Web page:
Book review: After Anna by Lisa Scottoline

Sunday, April 22, 2018 Permalink

Lisa Scottoline, along with Alafair Burke is one of my go-to authors for legal thrillers. They’re a genre that once felt like they were everywhere (though that was perhaps in the days of John Grisham and Scott Turow – and the movies based on their novels). They seem to be less prevalent now, which makes me appreciate them more than I perhaps once did. (Although the book I read after this – Closer Than You Know by Brad Parks – was also a legal procedural!)

After Anna, Scottoline’s latest is less about the legal process in many ways, though part of the plot does unfold in a courtroom. It’s more a novel of suspense with the majority of the story being told through the memories of a man on trial for murdering his step-daughter.

Book review: After Anna by Lisa ScottolineAfter Anna
by Lisa Scottoline
on April 10th 2018
Source: NetGalley
Buy on Amazon
Genres: Thriller / Suspense, Legal Procedural
ISBN: 125009965X, 9781250099655
Pages: 352
three-half-stars
Goodreads

Noah Alderman, a doctor and a widower, has remarried a wonderful woman, Maggie, and for the first time in a long time he and his son are happy. But their lives are turned upside down when Maggie’s daughter Anna moves in with them.

Anna is a gorgeous seventeen-year-old who balks at living under their rules though Maggie, ecstatic to have her daughter back, ignores the red flags that hint at the trouble that is brewing. Events take a deadly turn when Anna is murdered and Noah is accused of the crime.

Maggie must face not only the devastation of losing her only daughter, but the realization that her daughter's murder was at the hands of a husband she loves. New information sends Maggie searching for the truth, leading her to discover something darker than she could have ever imagined.

Noah and Maggie are great characters and the people we meet ‘before Anna’ are happy and devoted parents to Noah’s son Caleb.

We’re fairly quickly brought up to date on Maggie’s relationship (or lack of) with Anna, which involved her former husband moving overseas after Maggie’s diagnosis of postpartum psychosis (when Anna was 6mths old). At the time Maggie realised she needed help and sought it, but she discovers her ex filled his daughter’s head with stories of her mother harming her, encouraging no contact between the pair.

Seventeen years later Maggie admits to stalking her daughter on social media as much as possible and even though Anna’s been shunted off (back) to boarding school in the US, Maggie’s respected Anna’s decision to have nothing to do with her.

Which is why she’s ecstatic to get a call out of the blue. Maggie’s unaware her ex-husband and his new wife have been killed, and she’s soon able to convince Anna that the stories her father told her about her were just lies.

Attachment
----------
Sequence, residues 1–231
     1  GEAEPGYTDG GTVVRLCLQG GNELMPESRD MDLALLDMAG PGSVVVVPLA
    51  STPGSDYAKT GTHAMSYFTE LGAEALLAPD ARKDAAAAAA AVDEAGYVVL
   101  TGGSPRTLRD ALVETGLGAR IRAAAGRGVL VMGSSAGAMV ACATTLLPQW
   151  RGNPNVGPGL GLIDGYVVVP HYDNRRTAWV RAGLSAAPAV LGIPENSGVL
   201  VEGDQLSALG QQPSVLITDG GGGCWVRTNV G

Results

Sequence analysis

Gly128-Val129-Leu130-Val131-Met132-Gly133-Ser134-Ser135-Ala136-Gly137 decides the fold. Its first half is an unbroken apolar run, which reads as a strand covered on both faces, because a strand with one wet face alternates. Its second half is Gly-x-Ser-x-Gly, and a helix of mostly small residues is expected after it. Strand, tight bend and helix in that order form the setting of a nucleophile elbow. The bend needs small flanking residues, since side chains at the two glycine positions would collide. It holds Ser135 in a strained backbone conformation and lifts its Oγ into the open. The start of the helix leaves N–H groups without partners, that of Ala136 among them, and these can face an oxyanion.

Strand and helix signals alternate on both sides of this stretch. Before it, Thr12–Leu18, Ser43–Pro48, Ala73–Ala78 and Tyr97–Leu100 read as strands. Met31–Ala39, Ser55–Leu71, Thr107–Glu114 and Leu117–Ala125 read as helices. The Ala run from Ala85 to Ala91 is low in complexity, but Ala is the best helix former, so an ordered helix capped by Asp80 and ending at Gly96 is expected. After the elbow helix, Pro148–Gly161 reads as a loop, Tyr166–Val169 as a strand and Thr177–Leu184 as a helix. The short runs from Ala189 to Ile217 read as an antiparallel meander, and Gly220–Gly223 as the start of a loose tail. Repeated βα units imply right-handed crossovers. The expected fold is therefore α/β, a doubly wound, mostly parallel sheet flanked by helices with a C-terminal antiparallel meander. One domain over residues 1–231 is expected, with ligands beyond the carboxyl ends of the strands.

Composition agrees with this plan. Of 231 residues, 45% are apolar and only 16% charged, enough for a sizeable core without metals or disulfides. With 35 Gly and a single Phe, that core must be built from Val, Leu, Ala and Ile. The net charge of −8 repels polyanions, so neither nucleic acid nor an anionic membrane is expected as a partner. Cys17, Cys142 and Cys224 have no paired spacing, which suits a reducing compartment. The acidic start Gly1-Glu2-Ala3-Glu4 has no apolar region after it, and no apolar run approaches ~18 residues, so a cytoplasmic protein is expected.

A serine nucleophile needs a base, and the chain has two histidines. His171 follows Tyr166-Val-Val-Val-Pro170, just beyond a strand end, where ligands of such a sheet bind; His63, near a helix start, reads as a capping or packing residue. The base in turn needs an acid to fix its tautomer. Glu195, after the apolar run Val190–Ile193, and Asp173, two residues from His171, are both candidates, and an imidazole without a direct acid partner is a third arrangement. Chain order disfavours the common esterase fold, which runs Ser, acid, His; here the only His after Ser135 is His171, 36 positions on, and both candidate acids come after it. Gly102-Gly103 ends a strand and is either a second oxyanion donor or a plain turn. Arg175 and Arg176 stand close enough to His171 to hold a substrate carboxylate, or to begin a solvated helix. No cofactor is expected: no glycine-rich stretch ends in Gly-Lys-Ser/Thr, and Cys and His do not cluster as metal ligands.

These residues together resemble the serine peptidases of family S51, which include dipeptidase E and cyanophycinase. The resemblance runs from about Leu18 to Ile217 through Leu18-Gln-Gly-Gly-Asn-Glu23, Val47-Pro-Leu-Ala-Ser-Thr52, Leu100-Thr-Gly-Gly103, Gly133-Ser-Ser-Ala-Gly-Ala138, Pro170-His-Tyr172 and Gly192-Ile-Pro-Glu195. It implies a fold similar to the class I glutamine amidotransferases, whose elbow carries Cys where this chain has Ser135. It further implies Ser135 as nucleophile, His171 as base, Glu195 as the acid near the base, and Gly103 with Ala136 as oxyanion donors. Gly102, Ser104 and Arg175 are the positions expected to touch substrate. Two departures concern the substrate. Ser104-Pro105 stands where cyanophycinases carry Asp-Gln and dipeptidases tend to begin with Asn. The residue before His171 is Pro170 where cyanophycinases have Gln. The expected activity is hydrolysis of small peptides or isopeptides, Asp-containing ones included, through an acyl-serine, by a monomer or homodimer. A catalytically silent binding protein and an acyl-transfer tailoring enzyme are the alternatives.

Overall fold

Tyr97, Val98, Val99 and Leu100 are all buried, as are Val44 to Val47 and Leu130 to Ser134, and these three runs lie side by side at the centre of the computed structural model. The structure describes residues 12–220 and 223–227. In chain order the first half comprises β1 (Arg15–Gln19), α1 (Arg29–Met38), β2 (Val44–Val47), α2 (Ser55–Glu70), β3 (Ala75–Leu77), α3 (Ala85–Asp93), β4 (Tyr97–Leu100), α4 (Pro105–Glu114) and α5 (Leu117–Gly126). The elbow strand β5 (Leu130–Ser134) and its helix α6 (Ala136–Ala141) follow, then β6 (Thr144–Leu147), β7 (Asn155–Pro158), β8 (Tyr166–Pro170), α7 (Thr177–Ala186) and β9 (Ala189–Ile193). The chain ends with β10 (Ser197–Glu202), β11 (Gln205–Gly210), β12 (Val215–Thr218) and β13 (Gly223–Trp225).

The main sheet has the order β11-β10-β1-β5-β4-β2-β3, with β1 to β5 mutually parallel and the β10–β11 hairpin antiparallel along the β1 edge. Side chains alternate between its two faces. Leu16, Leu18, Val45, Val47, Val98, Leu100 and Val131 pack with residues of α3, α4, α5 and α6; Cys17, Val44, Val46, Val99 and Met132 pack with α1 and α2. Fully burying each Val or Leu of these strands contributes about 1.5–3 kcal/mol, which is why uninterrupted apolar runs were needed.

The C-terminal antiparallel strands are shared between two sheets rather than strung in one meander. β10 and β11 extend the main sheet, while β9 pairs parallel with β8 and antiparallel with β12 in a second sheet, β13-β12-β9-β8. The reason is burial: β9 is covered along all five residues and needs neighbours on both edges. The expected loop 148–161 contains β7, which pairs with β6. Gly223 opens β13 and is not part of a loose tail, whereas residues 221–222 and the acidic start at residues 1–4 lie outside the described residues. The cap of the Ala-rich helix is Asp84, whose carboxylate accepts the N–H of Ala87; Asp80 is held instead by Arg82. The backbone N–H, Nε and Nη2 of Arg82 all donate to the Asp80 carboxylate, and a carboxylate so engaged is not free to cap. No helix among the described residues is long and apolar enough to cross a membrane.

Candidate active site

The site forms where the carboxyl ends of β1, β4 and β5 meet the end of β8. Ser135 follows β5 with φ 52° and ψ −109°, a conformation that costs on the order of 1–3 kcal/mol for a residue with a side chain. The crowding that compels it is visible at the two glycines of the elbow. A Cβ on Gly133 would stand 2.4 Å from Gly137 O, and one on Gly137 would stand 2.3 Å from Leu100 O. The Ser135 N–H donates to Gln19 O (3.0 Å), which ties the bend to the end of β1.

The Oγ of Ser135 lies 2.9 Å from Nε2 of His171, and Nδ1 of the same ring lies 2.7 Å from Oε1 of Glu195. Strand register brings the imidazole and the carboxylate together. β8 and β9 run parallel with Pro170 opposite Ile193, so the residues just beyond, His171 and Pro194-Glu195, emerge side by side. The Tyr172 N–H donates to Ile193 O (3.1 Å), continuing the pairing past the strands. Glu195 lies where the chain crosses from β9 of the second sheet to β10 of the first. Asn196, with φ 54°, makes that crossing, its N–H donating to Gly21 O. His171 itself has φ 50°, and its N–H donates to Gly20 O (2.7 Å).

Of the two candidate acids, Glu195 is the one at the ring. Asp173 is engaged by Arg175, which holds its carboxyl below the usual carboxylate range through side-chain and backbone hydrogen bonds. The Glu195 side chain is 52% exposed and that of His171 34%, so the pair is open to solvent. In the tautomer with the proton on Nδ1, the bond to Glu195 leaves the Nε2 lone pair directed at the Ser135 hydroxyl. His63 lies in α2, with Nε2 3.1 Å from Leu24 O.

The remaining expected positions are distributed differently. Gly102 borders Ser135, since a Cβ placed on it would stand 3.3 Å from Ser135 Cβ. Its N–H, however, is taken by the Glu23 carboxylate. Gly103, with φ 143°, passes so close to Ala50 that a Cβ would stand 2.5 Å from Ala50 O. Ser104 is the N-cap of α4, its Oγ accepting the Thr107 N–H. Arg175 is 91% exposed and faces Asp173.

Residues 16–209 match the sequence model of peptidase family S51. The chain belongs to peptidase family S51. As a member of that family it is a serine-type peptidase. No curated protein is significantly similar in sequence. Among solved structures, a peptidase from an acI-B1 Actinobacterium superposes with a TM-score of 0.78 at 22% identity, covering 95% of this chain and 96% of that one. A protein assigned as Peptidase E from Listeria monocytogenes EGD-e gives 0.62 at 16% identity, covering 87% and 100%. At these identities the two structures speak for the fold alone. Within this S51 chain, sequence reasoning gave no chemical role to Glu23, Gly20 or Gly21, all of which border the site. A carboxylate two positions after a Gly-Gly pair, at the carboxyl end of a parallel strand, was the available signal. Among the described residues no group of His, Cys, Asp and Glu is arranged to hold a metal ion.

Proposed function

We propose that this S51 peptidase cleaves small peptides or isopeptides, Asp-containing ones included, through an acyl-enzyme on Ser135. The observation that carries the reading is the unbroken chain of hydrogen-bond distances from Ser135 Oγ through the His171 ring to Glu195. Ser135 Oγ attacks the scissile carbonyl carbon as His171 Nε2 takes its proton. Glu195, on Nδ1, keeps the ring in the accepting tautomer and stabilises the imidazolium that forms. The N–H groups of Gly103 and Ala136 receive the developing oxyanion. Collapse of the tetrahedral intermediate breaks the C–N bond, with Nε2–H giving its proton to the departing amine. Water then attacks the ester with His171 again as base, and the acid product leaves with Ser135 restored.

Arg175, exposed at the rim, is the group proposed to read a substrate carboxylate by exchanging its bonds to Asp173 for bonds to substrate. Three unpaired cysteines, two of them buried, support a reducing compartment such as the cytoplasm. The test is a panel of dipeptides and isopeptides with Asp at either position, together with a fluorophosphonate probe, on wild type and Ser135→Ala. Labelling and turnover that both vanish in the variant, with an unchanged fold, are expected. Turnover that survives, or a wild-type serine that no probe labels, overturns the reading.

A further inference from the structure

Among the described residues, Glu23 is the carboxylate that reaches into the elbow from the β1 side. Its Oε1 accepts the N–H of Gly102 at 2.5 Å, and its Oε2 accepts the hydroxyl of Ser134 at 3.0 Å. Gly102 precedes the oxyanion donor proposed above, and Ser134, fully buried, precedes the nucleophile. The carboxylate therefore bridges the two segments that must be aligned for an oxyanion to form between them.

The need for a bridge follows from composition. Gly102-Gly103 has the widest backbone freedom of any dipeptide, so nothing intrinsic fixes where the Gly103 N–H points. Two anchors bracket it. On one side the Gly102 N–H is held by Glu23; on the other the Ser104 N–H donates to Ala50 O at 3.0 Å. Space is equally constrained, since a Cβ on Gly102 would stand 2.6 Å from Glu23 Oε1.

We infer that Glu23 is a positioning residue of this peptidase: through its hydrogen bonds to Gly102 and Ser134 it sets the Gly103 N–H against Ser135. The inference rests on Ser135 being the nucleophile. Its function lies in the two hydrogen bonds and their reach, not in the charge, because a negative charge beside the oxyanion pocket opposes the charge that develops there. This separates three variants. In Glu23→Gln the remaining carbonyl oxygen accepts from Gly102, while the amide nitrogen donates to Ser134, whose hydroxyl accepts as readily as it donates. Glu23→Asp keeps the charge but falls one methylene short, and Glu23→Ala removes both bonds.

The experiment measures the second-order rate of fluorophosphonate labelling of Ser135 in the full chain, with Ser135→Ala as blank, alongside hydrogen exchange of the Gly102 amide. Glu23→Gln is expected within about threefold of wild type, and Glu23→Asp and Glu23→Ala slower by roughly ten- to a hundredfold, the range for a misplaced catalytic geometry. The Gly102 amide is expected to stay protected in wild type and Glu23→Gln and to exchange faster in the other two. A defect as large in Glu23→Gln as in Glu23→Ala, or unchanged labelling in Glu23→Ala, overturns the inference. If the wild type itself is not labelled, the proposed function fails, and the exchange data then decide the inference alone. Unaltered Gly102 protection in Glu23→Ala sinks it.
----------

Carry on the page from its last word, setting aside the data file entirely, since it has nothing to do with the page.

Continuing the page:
Now, with a hefty trust fund awaiting her, Anna’s decision to leave boarding school and move in with her mother (and Noah) immediately is kinda strange, but Maggie doesn’t care and she, Noah and Caleb do their best to welcome her into their family.

It’s rather shocking then to discover that Noah is accused of killing Anna less than a month later… however the cracks start to appear pretty quickly.

Most of the story is told through Noah’s eyes. Kinda in reverse – on the stand and through his memories of events ‘after Anna’ moved in. Because we’re in his head we know he’s trying to protect Maggie and although he claims to be innocent of the murder, he feels guilty. About something.

Readers are privy to Anna’s seemingly duplicitous behaviour…. although we really only have Noah’s word on that.

The blurb implies Maggie doubts her husband’s guilt and wants to get to the bottom of the crime, however sadly Maggie seems to shut Noah out of her life. The fact he’d be capable of killing Anna goes against all of her instincts but there seems to be no other alternative. And…. after all, Anna made a number of allegations against Noah before her death.

It’s actually not until the end that Maggie has doubts and things change pretty quickly. For me the final twist was one too far. I liked the premise but the ‘why’ seemed a bit far-fetched and a little unrealistic.

It probably brought my rating of the book down a little, but I still enjoyed it nonetheless.

After Anna by Lisa Scottoline was published by St Martin’s Press and is now available.

I received a copy of this novel from the publisher via NetGalley for review purposes.

Booktopia

three-half-stars

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